Southeastern Pennsylvania is an area of hills and valleys geologically situated at the top of the Piedmont region. It is broadly bounded by the Allegheny Group of the Appalachian Mountains to the west and the New Jersey coastal area to the east—two factors that contribute significantly to the local climate, often experienced as gray winter periods and near-tropical summers.
The natural, cultural, and historical center of this region begins with its rivers. The major waterways of Pennsylvania’s Piedmont – the Delaware, Schuylkill, and the Susquehanna – and their countless tributaries, as well as numerous other lakes, ponds, and reservoirs are critical to millions of people, plants, and wildlife as sources of drinking water, transportation, and recreation. The hills and rocky ridges of the Piedmont form the boundaries of its many watersheds; the streams and creeks drain water from the forests, farms, towns and cities into rivers of ever-increasing size. The Delaware River, into which the Schuylkill River flows at Philadelphia, is 330 miles long and is the longest undammed river in the country east of the Mississippi.
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The Schuylkill River forms Chester County’s northeast border. The Schuylkill begins in the Appalachian Mountains of Schuylkill County, and flows to the Delaware River in Philadelphia. It is 128 miles long and is considered a National and State Heritage Area. It is rich in historical significance and is well-known for beautiful, sweeping countryside.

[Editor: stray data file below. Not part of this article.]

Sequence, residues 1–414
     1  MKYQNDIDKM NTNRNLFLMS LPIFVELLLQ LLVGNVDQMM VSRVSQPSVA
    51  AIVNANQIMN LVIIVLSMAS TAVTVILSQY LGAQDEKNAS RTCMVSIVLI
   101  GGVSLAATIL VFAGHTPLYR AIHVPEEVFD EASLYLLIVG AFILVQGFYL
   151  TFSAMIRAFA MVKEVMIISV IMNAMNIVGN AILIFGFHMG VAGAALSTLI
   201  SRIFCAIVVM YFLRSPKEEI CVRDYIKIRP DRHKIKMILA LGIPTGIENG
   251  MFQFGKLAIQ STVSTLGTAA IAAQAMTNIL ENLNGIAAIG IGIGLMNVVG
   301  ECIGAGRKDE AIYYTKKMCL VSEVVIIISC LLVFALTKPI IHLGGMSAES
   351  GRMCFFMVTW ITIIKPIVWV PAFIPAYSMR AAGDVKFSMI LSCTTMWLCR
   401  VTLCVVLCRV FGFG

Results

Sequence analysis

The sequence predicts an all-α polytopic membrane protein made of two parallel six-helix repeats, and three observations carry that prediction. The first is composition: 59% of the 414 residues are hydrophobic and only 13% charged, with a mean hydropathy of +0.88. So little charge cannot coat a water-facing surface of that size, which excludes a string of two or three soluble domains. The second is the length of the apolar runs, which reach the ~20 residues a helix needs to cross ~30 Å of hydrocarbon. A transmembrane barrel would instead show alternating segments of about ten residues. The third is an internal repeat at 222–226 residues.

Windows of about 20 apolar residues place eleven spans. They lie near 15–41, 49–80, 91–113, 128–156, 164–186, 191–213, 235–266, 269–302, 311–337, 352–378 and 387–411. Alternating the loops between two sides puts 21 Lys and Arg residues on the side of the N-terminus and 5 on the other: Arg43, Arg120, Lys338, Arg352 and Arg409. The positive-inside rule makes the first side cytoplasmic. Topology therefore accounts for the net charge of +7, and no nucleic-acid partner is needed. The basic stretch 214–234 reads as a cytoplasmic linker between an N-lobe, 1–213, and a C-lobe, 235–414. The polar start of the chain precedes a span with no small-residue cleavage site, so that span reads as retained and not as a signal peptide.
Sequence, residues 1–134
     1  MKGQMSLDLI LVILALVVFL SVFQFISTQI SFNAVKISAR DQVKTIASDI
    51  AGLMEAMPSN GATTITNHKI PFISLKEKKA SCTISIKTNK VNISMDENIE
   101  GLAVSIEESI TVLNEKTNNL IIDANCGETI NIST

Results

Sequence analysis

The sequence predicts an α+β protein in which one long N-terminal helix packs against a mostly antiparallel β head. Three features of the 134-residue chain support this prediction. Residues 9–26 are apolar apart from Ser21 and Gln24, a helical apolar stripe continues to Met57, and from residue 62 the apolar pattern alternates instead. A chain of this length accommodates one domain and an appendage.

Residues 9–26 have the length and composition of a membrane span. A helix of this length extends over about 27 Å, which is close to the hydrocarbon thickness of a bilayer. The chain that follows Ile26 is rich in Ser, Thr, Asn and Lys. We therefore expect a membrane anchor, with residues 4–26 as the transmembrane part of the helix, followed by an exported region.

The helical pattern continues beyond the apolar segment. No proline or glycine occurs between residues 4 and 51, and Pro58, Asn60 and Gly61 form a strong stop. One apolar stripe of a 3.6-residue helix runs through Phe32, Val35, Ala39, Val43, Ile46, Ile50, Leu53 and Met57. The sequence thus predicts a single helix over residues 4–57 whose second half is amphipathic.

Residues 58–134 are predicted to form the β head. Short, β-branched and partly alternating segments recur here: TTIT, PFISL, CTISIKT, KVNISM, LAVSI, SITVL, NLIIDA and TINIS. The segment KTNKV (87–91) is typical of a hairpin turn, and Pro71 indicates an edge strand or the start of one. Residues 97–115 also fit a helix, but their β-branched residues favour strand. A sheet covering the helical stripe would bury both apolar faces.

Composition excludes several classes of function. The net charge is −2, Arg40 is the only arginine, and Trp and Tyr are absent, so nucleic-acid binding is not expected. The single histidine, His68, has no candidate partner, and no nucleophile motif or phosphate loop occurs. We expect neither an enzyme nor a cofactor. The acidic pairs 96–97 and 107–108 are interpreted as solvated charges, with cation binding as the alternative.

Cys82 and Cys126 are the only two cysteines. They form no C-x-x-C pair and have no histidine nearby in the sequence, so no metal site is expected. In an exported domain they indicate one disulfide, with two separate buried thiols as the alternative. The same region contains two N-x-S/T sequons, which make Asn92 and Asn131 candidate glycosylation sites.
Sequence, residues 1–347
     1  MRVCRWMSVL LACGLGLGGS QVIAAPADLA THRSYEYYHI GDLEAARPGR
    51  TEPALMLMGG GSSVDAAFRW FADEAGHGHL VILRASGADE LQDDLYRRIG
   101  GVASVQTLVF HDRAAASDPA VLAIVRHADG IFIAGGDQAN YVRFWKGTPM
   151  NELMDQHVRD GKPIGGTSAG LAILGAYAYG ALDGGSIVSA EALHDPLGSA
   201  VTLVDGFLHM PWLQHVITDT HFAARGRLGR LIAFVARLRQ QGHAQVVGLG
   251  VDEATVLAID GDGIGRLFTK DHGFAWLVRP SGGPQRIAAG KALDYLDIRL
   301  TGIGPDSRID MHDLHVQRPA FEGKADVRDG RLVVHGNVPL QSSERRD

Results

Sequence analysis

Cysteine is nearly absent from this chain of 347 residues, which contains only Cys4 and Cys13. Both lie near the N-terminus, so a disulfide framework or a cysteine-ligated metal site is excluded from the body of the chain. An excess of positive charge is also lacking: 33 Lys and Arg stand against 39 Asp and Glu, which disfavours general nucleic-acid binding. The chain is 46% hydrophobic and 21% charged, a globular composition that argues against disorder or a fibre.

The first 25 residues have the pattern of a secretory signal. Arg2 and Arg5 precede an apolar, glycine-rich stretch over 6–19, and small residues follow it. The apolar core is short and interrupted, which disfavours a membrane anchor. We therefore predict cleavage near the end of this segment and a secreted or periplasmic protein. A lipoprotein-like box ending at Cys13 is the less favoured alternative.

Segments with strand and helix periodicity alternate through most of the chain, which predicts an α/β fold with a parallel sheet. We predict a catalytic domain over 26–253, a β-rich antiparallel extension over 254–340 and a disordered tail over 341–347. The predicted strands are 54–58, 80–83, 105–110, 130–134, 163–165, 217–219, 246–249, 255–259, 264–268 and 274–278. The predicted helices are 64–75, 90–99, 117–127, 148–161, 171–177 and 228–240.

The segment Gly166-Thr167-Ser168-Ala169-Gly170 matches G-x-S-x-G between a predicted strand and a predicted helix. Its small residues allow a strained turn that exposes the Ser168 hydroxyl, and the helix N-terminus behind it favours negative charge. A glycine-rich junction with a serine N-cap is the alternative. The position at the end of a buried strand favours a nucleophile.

Five major streams form the watersheds of northern Chester County. The largest of these streams is French Creek. The others include Pickering Creek, Valley Creek, Pigeon Creek, and Stony Run. A series of smaller streams at the very northern end of the county are referred to collectively as “Direct Schuylkill Drainage”.
In all, the watersheds that Green Valleys stewards cover an area of 151 square miles.
These streams provide a major habitat for aquatic and amphibious life and are considered a fly-fisher’s paradise. A cornerstone of the Green Valleys Watershed Association’s mission is to protect this environment, in both its water and landscape forms. The watershed streams within our protection are all afforded Special Protection by the Commonwealth of Pennsylvania—a distinction worth preserving.